This might require you not fiddling with your phone while you’re at that dinner party or waiting for the bus. And for you to realize that you would be better off not thinking about next month’s bills when you’re sunbathing in the park. And you might have to stop stressing over what your life work will be while you’re taking a shower or walking your dog.

The answer is just being.

It’s not as easy as it sounds (although for some people it might be, I can’t imagine the people living on my street in Sliema, Malta, a place called “lazy corner” having a hard time shutting off their brains), because if you’re like me, there’s always something whirring around the old brain.

I know I need to shut it off and just exist, but things keep coming in the way. Life comes in the way.

So how do you shut off your mind? Here are five super simple ideas:

1. Exercise. Take a walk or a jog or preferably some even more high-intense exercise or sport that makes it impossible to think about other things.
2. Kiss your loved one (corny – but if you think about other things then, you have a problem).
3. Talk to someone and really, really listen. Too many people have one eye on their phone during conversations these days.
4. Do something fun with your kid(s) (if you have kids, otherwise borrow one). Their endless energy should hopefully rub off on you.
5. Meditate.

Can you help me come up with more ideas on to shut off our brains and really just be in the now? Please comment.

Have a nice day.

Stuff vs Experiences

plaza-del-ayuntamiento_valencia_spain

There is nothing better to open up your senses and relax your mind than traveling. Thankfully, Lenah and I are aligned when it comes to where we spend our hard-earned money. We have decided not buy property (can’t really afford it) and lots of stuff. Instead we’re focusing on eating and drinking well, traveling and enjoying life to the max. Because what good is buying lots of stuff really? In fact, we don’t even own a car, we rent one when we need it. It’s cost- and environmentally friendly.

This might sound like we live some kind of extreme lifestyle – we don’t. We just want to make sure we live our lives and not get too bound down to stuff, houses, cars, which usually equals loans, which in turn equals stress and unhappiness. It’s about being able to control that initial desire you can get for a new car, a house, a new computer, etc. We still buy things, obviously. Things that matter to us. Clothes is one of them. Not lots and expensive, but enough to make sure you feel good about yourself. The same thing goes for health and beauty stuff (lotions, gym membership, medicine, massages, treatments, dentists, doctors – what you require to make sure your body is in good shape), if we can extend our lives – then that’s money well spent.

There’s nothing strange about this philosophy. We’ve done the journey (at least partly) around buying, buying, buying, owning, owning, owning – but when the buying and owning starts to interfere with the things you really appreciate, then you need to ask yourself a few questions.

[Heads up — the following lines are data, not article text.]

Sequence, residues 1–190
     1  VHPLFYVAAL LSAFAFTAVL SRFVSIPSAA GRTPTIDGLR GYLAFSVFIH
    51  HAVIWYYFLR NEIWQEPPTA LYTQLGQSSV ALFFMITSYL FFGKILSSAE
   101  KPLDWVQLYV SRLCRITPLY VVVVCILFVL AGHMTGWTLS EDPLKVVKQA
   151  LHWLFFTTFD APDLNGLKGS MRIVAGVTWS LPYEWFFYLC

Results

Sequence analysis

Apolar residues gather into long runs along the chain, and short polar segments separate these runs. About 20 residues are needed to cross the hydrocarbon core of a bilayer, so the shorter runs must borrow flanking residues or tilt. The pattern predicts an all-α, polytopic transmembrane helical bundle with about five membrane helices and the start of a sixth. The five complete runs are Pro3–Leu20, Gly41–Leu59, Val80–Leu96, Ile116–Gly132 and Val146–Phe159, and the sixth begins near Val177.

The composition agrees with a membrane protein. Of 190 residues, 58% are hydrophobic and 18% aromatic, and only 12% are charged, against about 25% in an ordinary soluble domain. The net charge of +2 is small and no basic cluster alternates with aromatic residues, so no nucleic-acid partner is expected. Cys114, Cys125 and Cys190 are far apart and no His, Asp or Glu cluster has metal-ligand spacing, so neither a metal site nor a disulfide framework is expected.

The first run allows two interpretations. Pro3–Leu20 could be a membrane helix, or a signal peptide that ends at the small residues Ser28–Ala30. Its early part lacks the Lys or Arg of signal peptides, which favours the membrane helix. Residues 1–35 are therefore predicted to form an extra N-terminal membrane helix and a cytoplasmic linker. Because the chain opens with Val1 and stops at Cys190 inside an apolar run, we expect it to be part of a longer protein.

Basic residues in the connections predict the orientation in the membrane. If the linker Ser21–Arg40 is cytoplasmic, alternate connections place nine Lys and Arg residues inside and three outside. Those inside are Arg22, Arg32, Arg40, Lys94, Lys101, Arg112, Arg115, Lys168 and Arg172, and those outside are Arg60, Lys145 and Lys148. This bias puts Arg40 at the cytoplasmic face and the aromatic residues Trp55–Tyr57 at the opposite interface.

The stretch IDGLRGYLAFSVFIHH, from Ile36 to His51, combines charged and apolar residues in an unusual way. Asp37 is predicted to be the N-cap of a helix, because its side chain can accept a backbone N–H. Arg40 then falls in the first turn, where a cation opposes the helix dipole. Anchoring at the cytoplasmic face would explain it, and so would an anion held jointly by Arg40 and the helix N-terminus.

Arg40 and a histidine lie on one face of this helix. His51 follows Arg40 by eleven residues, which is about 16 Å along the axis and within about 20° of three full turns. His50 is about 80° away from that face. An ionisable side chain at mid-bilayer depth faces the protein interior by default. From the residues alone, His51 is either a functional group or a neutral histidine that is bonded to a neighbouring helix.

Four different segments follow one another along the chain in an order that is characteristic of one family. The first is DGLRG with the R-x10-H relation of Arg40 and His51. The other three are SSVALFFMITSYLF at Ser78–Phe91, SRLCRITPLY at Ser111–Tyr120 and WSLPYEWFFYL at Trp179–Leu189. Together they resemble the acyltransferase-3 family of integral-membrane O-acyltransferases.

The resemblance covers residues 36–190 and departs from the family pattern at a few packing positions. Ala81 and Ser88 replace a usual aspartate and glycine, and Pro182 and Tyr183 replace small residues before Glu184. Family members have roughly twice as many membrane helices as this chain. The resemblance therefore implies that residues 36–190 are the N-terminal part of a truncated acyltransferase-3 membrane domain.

So the main question we’re asking ourselves now is: do we/I really need that? A lot of the time the answer is no.

One step we’ve taken is to clear out a lot of stuff. Things we don’t use that other people might need or have better use for. That stuff we give to charity or sell (it’s damn hard to sell used things so we end up giving most of it away). And it feels really good to do it, not only the giving but also cleaning and clearing up. You not only clear the space around you, but also your mind and soul. You de-clutter your life.

After we made the decision to de-clutter and anti-hoard, we booked two well-needed vacations. First we’re going to Valencia in mid-April (only two nights, but still a nice getaway) and then we’re going back to one of our favorite places in the world, La città eterna, Rome. Because like I wrote in the first paragraph, there is nothing better than traveling to open up your senses and relax your mind. To really experience things and enjoy life.

And that’s what we need right now. Actually, that’s what all of us need more of, at least in my view. More than a new LCD TV, a new car, a bigger house or something else that we feel we need there and then, but lose interest in after only a few days, or maybe weeks.

To summarise, make sure you live your life. Don’t bind yourself to stuff that when you ask yourself, deep down, really doesn’t matter.

Life: Treat it with care.

My day started with stumbling upon this brilliant post on a life in advertising by the former Saatchi & Saatchi and BBDO art director Linds Redding, an article where he sounded disillusioned by all the energy he had wasted on the advertising life and put it into words that packed enough punch to spin you around on your office chair and see things from another angle. A new perspective.

It turns out I didn’t actually like my old life nearly as much as I thought I did. I know this now because I occasionally catch up with my old colleagues and work-mates. They fall over each other to enthusiastically show me the latest project they’re working on. Ask my opinion. Proudly show off their technical prowess (which is not inconsiderable.) I find myself glazing over but politely listen as they brag about who’s had the least sleep and the most takaway food. “I haven’t seen my wife since January, I can’t feel my legs any more and I think I have scurvy but another three weeks and we’ll be done. It’s got to be done by then The client’s going on holiday. What do I think?”

What do I think?